Superhero Comics As An Underappreciated Art Form

Superhero stories are sweated out at the imagined lowest levels of our culture, but like that shard off a hologram, they contain at their hearts all the dreams and fears of generations in vivid miniature.”- Grant Morrison, Supergods.

Superhero comics have been around for decades. Since Superman popularized the term “superhero”, appearing in the pages of Action Comics in 1938, debatably, the world changed. Without the brilliant idea of two arguably underpaid writers, Jerry Siegel and Joe Shuster, who knows what the world, especially the entertainment industry, would have become today. Yet despite their popularity and undeniable presence in the modern consciousness, the reader base of superhero comics has receded into increasingly niche corners. Why has this seemed to be the case?

A look at superhero films

Beneath all of the corporate standardized entertainment, these films are never out of sight; talented actors, beautiful cinematography, challenging themes, and innovative storytelling heightens the normally straightforward superhero films, most notably with the Dark Knight, Logan, the divisive Watchmen, and the somewhat controversial Joker; their critical success is also not overshadowed by their commercial one. Even so, the “normal” superhero blockbuster has achieved a level of cinema that is previously uncalled for with the critical and commercial success of the Marvel movies; a success absolutely deserved, due to the innovative intertwining plots and crossovers between characters and actors in their array of interconnected movies. But why can’t people say the same with comics? Why is the number of readers continually diminishing, and most who read American comics just read Batman, whatever Marvel comics are related with the subsequent film of the time, and rereading Alan Moore’s Watchmen over and over again?

The structure of a comic book

In comics, each panel is a moment in time, giving the freedom of the writer and artist to pan and zoom however they want; it can be a high shot without the need for camera drones, a two-page spread of gigantic battles without CGI, or my personal favorite, emotional scenes and moments that take its time, because they’re literally frozen in time. Comics is the bridge between a novel and a film, with the image there, the movement in between the white borders, and the sound in your head. Comics engage with the readers, giving them control as an active participator in the story, with their imagination and the flipping of each page.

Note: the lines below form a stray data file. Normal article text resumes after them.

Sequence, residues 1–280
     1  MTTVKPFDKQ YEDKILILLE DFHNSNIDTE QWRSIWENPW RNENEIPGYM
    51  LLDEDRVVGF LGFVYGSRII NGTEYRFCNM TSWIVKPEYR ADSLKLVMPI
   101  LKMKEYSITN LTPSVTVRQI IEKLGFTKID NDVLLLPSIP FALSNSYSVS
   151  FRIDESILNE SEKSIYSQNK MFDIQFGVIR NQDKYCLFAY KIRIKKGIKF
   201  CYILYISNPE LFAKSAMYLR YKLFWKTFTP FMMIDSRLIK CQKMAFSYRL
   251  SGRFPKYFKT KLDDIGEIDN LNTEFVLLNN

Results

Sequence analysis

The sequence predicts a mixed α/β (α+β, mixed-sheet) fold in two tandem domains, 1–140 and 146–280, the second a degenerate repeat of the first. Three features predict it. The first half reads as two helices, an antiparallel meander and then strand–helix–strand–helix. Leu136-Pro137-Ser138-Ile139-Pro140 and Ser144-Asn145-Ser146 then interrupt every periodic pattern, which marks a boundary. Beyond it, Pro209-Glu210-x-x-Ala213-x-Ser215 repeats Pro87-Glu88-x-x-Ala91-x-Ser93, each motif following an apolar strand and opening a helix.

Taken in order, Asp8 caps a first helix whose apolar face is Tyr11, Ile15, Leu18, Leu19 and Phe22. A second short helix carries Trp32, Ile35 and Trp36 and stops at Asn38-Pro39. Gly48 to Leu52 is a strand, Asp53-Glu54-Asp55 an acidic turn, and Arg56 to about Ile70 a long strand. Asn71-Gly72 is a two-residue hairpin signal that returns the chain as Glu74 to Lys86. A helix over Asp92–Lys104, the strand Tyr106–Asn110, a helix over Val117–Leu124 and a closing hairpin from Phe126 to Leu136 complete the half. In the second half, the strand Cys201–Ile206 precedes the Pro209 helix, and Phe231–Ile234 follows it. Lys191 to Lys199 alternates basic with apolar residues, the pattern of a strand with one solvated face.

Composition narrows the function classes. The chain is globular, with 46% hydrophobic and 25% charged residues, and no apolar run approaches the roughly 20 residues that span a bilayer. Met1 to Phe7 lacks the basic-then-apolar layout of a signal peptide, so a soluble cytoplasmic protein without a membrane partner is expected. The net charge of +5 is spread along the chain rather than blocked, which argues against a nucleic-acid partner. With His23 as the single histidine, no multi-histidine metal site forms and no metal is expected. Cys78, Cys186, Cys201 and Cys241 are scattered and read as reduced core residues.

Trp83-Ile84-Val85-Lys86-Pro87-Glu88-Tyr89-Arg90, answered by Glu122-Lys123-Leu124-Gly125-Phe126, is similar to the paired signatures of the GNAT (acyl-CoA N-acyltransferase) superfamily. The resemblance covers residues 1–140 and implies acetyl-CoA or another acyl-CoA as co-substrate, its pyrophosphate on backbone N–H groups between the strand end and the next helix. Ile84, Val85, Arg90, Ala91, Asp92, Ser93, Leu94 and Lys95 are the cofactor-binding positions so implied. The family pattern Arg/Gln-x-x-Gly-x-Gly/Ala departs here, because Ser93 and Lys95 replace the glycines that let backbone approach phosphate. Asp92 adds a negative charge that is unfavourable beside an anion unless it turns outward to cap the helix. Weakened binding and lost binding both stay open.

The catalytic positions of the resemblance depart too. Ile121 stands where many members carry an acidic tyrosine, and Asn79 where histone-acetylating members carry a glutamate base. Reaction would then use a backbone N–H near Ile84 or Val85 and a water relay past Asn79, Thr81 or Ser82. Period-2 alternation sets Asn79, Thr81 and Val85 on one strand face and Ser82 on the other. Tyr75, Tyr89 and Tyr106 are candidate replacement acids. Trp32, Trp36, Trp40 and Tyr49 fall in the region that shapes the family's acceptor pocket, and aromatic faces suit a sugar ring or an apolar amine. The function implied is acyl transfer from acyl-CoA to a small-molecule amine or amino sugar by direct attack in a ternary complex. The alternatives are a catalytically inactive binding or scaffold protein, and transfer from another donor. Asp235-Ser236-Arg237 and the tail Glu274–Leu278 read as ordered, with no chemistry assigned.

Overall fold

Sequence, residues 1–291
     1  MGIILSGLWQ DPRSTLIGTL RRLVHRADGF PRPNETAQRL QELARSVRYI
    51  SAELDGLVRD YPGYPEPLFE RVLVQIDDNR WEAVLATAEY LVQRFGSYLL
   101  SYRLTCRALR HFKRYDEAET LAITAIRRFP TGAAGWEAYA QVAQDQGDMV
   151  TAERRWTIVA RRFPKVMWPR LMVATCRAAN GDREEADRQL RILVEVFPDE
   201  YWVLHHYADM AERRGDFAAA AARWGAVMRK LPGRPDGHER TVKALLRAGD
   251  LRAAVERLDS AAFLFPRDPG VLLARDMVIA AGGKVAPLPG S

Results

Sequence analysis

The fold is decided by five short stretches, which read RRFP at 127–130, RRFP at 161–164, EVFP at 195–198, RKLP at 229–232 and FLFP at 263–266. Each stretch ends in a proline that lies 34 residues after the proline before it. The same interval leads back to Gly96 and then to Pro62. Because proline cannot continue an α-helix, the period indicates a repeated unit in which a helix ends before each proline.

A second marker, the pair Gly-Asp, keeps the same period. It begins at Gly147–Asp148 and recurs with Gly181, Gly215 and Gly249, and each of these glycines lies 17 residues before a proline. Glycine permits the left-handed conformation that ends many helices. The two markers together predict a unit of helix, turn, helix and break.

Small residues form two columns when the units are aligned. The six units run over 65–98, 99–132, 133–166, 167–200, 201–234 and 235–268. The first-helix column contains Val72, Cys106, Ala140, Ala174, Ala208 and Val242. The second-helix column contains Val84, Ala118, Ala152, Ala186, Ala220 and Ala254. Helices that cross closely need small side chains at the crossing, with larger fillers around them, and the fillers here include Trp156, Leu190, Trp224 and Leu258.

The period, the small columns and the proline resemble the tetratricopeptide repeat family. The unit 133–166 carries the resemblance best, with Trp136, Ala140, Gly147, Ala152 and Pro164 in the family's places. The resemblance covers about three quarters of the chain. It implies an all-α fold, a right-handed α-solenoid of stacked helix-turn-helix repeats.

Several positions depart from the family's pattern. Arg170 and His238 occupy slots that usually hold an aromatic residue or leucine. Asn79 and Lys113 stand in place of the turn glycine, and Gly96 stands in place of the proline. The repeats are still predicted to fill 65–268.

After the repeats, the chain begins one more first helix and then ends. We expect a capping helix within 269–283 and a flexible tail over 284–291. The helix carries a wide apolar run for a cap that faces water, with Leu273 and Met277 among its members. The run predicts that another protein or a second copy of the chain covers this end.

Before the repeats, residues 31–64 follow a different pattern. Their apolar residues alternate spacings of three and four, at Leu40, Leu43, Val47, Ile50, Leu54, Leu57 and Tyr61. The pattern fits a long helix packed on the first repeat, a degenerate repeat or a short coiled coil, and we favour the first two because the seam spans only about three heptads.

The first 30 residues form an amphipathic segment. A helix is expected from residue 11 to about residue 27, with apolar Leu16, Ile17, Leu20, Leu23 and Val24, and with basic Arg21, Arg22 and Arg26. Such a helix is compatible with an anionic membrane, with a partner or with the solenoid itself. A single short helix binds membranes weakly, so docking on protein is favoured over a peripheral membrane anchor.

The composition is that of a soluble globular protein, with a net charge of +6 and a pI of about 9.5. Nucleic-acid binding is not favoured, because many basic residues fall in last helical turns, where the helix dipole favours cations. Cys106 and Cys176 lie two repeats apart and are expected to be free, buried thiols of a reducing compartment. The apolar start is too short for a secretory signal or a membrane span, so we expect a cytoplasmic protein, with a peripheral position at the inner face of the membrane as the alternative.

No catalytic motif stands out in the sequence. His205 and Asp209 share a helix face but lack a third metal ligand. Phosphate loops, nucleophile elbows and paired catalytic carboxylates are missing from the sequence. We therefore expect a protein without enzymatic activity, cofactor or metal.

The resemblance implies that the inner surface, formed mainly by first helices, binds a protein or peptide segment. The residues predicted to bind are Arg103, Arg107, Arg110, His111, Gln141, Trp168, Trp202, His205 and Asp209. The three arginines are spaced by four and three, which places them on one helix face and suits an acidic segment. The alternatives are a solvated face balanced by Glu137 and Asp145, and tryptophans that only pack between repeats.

Experience the page below.

All-Star Superman #10 by Grant Morrison and Frank Quitely

I won’t needlessly explain the panels, but I hope you understand what I meant about superhero comics being an underappreciated art form just by reading the page above. I hope that page illustrated my love for comics far more than my words can explain.

Now below are 4 panels that are completely different, and yet similar in the best way possible.

Batman Rebirth Annual #2 by Tom King and Lee Weeks

If you didn’t feel anything after reading the two above, it’s completely fine. Maybe you need context, and maybe these are just not your kind of art. Art is subjective, and to me, the expression of superhero comics, the universal themes they explore: of fear and hope, the folly of youth, tragedy, depression, responsibility, the human condition, and the primordial ideas that it expresses of the unending struggle between good and evil within us all, is art in its best.

If you want more of the movies, just look at the source material. Just like film adaptations of books, comics give a whole new perspective, with sometimes poetic writing, and most times beautiful art, that film just isn’t designed to portray in the same way. And if you want more from the movies, just look at the comics — the source — the origin, and you’ll find that the movies have only scratched the surface, you’ll find heroes with mental health issues, heroes that realize they’re characters in a comic book, and so much more.


All-Star Superman (2008) by Grant Morrison and Frank Quitely

Mister Miracle (2018) by Tom King and Mitch Gerads

Vision (2018) by Tom King and Gabriel Hernandez Walta

Superman Secret Identity (2004) by Kurt Busiek and Stuart Immonen

Silver Surfer Parable (1988) by Stan Lee and Jean Giraud

Animal Man (1988) by Grant Morrison and Chas Truog

You don’t have to read other stories if you want to read the above, they’re ostensibly self-contained and don’t need any prior information about the characters.

Superhero comics can be overwhelming. They can be superficial. And you need to engage directly with comics, using your own inside voice for the characters, so maybe they’re not as accessible as novels or film because they’re somewhere in between. Or maybe people think comics are for children (keep in mind my previous examples are not for children). I don’t know the reasons why many people don’t read them, but I hope I’ve shown you the reason to read them.

I won’t deny that there are mediocre superhero comics that are just a breeze to read and challenges nothing of the genre or the reader, but the same thing could be said about the movies. And with that in mind, amongst the many, one would undoubtedly resonate with you. So give it a try. Explore the medium. Get new ideas. Be entertained. Feel new things. And most importantly, enjoy the ride.

Written by:

a Fictional Animal.

Chronic dreamer. Self proclaimed poet, writer, and artist. Lover of film, fiction, and comics.